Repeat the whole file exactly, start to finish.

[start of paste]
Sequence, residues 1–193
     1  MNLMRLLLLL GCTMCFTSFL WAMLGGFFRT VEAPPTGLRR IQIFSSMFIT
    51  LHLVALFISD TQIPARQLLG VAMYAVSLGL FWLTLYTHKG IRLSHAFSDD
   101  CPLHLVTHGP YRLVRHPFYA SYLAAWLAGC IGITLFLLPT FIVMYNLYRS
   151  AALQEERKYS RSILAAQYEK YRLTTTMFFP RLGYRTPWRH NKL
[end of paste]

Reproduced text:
Sequence, residues 1–193
     1  MNLMRLLLLL GCTMCFTSFL WAMLGGFFRT VEAPPTGLRR IQIFSSMFIT
    51  LHLVALFISD TQIPARQLLG VAMYAVSLGL FWLTLYTHKG IRLSHAFSDD
   101  CPLHLVTHGP YRLVRHPFYA SYLAAWLAGC IGITLFLLPT FIVMYNLYRS
   151  AALQEERKYS RSILAAQYEK YRLTTTMFFP RLGYRTPWRH NKL